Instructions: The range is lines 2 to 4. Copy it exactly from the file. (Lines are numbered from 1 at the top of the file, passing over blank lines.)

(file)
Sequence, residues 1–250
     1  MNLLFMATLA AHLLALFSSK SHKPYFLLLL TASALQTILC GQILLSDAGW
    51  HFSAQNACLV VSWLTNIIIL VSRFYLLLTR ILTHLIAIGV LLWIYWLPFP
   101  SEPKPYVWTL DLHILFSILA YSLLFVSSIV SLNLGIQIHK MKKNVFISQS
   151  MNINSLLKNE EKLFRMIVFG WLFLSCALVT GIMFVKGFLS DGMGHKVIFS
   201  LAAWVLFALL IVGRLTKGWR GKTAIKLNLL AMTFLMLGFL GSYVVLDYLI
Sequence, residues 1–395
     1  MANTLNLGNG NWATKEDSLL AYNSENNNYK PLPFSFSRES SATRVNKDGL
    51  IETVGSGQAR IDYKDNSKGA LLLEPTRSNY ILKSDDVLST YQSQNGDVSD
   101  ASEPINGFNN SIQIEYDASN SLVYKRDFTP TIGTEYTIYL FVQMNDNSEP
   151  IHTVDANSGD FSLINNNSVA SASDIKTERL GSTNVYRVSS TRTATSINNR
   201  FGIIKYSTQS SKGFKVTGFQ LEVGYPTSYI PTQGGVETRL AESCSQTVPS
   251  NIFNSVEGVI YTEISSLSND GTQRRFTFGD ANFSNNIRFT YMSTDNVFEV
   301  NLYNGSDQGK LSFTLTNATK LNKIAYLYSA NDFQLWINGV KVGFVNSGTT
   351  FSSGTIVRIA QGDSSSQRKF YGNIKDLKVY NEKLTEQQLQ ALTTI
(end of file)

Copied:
     1  MNLLFMATLA AHLLALFSSK SHKPYFLLLL TASALQTILC GQILLSDAGW
    51  HFSAQNACLV VSWLTNIIIL VSRFYLLLTR ILTHLIAIGV LLWIYWLPFP
   101  SEPKPYVWTL DLHILFSILA YSLLFVSSIV SLNLGIQIHK MKKNVFISQS